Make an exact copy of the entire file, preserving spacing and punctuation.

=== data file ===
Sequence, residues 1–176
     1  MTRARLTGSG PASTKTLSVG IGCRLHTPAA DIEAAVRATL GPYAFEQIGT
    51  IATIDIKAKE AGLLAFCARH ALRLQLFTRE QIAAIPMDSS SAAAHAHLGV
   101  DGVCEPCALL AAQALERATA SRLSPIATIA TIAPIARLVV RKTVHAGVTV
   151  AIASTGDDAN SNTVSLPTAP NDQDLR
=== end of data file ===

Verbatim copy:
Sequence, residues 1–176
     1  MTRARLTGSG PASTKTLSVG IGCRLHTPAA DIEAAVRATL GPYAFEQIGT
    51  IATIDIKAKE AGLLAFCARH ALRLQLFTRE QIAAIPMDSS SAAAHAHLGV
   101  DGVCEPCALL AAQALERATA SRLSPIATIA TIAPIARLVV RKTVHAGVTV
   151  AIASTGDDAN SNTVSLPTAP NDQDLR